Let's first make two locations representing stacks:

# let stack_a = Loc.make [19]
  and stack_b = Loc.make [76]
val stack_a : int list Loc.t = <abstr>
val stack_b : int list Loc.t = <abstr>

Here is a function that can atomically move an element from given source stack to the given target stack:

# let rec move ?(backoff = Backoff.default)
               target =
    match Loc.get source with
    | [] -> raise Exit
    | (elem::rest) as old_source ->
      let old_target = Loc.get target in
      let ops = [
        Op.make_cas source old_source rest;
        Op.make_cas target old_target (elem::old_target)
      ] in
      if not (Op.atomically ops) then
        let backoff = Backoff.once backoff in
        move ~backoff source target
val move : ?backoff:Backoff.t -> 'a list Loc.t -> 'a list Loc.t -> unit =

Note that we also used the Backoff module provided by kcas above.

Now we can simply call move:

# move stack_a stack_b
- : unit = ()
# Loc.get stack_a
- : int list = []
# Loc.get stack_b
- : int list = [19; 76]

As one can see, the API provided by Op is quite low-level and is not intended for application level programming.

Designing lock-free algorithms with k-CAS

The key benefit of k-CAS, or k-CAS-n-CMP, and transactions in particular, is that it allows developing lock-free algorithms compositionally. In the following sections we discuss a number of basic tips and approaches for making best use of k-CAS.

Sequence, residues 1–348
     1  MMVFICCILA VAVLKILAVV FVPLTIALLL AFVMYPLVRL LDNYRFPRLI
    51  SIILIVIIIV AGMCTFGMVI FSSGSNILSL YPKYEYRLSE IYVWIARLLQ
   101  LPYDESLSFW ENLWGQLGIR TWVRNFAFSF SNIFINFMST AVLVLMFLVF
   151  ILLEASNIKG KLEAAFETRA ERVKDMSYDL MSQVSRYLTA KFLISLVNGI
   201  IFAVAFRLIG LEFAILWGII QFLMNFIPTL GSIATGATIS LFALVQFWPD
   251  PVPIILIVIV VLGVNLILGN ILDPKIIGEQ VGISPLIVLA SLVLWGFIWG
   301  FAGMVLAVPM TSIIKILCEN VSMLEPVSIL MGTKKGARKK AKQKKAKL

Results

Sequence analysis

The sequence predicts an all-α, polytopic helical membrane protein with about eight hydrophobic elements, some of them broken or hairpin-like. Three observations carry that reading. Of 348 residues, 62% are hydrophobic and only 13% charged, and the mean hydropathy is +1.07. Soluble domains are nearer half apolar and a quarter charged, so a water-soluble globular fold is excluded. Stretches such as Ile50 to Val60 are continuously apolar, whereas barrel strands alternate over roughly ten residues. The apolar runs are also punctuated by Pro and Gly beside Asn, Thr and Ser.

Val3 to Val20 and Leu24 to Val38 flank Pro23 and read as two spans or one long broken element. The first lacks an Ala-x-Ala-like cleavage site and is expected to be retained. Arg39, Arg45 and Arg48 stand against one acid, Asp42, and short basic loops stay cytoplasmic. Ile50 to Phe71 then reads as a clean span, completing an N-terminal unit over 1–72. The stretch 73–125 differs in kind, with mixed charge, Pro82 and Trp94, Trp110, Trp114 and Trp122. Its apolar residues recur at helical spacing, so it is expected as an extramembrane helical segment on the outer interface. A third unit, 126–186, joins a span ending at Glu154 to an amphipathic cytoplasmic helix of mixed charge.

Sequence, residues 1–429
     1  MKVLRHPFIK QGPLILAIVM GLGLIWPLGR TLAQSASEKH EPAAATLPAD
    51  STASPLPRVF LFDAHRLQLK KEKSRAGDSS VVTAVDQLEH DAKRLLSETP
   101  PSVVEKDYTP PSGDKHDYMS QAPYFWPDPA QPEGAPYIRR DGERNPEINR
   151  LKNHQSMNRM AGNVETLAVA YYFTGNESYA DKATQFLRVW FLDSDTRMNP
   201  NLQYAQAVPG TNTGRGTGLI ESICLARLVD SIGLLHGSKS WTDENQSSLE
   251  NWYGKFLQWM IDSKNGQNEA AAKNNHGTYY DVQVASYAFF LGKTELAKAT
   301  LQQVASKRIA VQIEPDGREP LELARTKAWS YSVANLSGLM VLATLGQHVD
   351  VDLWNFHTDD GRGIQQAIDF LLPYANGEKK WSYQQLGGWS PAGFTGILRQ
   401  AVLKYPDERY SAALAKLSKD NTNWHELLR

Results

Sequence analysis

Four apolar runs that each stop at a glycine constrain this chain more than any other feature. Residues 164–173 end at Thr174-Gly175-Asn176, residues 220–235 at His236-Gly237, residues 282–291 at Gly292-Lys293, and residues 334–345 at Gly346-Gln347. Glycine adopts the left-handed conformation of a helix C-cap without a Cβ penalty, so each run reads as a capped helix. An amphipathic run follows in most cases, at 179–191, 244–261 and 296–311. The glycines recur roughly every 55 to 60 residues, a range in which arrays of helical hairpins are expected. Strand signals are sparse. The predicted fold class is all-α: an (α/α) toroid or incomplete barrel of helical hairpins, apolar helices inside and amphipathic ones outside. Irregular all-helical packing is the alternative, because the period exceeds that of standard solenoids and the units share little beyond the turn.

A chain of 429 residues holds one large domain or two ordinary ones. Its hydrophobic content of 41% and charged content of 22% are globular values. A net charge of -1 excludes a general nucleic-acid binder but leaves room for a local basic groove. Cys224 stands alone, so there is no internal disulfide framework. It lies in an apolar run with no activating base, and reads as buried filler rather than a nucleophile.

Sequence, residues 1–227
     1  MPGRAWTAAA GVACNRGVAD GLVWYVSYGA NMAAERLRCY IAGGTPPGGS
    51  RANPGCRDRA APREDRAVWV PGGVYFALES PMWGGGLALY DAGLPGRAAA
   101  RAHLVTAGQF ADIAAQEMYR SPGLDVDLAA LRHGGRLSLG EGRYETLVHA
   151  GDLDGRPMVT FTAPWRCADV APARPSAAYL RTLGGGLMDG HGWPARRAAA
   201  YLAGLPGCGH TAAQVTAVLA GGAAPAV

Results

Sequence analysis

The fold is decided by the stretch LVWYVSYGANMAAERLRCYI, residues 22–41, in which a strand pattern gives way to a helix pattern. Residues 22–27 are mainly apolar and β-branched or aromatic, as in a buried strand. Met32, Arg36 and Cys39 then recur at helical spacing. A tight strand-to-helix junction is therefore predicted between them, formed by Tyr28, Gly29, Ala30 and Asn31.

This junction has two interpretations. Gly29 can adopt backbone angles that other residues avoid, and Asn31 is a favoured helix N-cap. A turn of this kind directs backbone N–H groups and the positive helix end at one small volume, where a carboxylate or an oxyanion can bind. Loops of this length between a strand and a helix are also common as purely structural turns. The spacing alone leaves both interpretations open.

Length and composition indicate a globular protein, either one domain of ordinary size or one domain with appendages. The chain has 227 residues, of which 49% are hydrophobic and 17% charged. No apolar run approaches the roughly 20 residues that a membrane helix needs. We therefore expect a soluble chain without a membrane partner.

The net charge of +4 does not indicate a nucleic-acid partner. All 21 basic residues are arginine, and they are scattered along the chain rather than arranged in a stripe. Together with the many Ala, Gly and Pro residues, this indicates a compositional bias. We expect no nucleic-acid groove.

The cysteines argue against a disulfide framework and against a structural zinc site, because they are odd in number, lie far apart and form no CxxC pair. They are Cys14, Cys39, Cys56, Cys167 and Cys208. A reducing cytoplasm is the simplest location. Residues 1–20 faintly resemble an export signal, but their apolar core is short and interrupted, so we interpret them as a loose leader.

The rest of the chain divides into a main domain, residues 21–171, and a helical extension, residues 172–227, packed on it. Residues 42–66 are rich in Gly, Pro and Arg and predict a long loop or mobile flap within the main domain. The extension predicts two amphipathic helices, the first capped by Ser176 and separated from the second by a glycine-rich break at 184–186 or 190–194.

Minimize accesses

Accesses of shared memory locations inside transactions consult the transaction log. While the log is optimized, it still adds overhead. For best performance it can be advantageous to minimize the number of accesses.

Prefer compound accesses

For best performance it can be advantageous to use compound accesses such as update, exchange, and modify instead of get and set, because the compound accesses only consult the transaction log once.

Consider the following example that swaps the values of the shared memory locations a and b:

# let tx ~xt =
    let a_val = Xt.get ~xt a
    and b_val = Xt.get ~xt b in
    Xt.set ~xt a b_val;
    Xt.set ~xt b a_val
  Xt.commit { tx }
- : unit = ()